Global growth is likely to accelerate in the coming months, hitting 5.9% this year and 4% in 2022, led by vaccine roll-outs, fiscal stimulus and a broadening services recovery, says Credit Suisse.
Asia’s recovery is set to continue at a solid pace with non-Japan Asia likely to grow 7.5% this year and 5.7% in 2022, says the investment bank in its 2H2021 investment outlook.
See: Post-pandemic, Asean e-commerce growth 'inevitable': Credit Suisse
This is higher than its growth forecast for the US (6.9% in 2021) and the Eurozone (4.2%). Most of the recent data support the assertion that Asia will outgrow most other regions, says Ray Farris, chief investment officer of South Asia at Credit Suisse. “I think it’s important to realise that Asia is still going to be the world’s fastest-growing region.”
South Korea will continue to ride the robust global demand for technology hardware, says John Woods, chief investment officer of Asia Pacific at Credit Suisse. “We believe that the Korean equity market will continue to strongly outperform emerging markets… We feel confident in recommending the Korean market to our clients.”
Within Asia, Credit Suisse prefers South Korean tech companies, which are positioned to benefit from the shortage in microchips and the global reflation that is gathering pace, says Woods.
Thailand, too, is favoured, but for another reason. “Thailand’s valuation is pretty compelling relative to the rest of the emerging market. It’s also about sensitivity to value sectors, including banks, energy — particularly oil — and a belief that once Thailand strongly emerges from the current challenges with Covid-19, its tourism industry will bounce back strongly and provide additional support and earnings to the equity market,” says Woods.
China’s sustainable growth
In a surprise announcement to the UN General Assembly last year, China’s president Xi Jinping committed the world’s largest polluter to tackle its carbon emissions. “We aim to have CO2 emissions peak before 2030 and achieve carbon neutrality before 2060,” said Xi then.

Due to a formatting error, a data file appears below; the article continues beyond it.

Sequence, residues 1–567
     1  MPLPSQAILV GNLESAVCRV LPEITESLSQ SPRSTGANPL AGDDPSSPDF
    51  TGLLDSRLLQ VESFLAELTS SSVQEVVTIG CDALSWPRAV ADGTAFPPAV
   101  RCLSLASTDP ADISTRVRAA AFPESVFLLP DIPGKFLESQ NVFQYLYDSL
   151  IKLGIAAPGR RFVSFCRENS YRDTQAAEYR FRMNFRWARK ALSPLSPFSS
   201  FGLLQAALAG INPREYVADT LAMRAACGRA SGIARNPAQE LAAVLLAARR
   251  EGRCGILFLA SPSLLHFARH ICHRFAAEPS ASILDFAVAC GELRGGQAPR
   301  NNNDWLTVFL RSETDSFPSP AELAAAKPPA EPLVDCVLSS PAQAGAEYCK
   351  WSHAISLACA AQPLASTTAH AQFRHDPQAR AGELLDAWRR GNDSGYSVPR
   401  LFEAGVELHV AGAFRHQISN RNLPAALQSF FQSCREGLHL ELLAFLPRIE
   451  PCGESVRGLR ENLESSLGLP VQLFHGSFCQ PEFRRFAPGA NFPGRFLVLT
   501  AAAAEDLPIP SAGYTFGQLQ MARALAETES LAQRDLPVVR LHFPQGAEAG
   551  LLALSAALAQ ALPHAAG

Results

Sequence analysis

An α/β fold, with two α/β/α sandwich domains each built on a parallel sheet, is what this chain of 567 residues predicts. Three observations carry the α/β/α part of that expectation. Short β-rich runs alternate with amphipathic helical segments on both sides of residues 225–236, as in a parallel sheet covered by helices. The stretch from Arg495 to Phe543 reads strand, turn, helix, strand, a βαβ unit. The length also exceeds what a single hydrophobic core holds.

Calling China’s green goals a “multi-decadal Asian super trend”, Woods notes the sustainability efforts’ US$15 trillion ($20.2 trillion) price tag, which “will throw up a whole range of investment opportunities”.
See also: Vaccine roll-out aids recovery; tech stocks' growth intact despite closer scrutiny: Pictet
“Renewables in China now comprise something close to 15% of the total energy mix. That has to expand to a quite extraordinary 90% within the next 40 years,” reasons Woods. “Right now, we are very much focused on solar energy, wind stocks and EV, or electrical vehicle-linked stocks.”
From a broader perspective, China’s growth is working its way down to below-trend rates, a policy objective of its government, says Woods. “It’s because the Chinese government has decided to tighten policy modestly. It’s not that monetary policy and credit policy are outright tight, but there is some degree of slowing in credit growth. All of those point to a softening outlook for the Chinese economy.”
Credit Suisse expects China to grow by 8.2% in 2021 despite a modest slowdown in fiscal and monetary policy support from 2020. “External demand remains a key support for the economy, as it does for the Chinese yuan. A robust trade balance, coupled with the absence of tourism outflows, leads us to remain positive on the yuan, despite concern from the authorities on the pace or allegedly speculative nature of yuan appreciation,” writes Credit Suisse.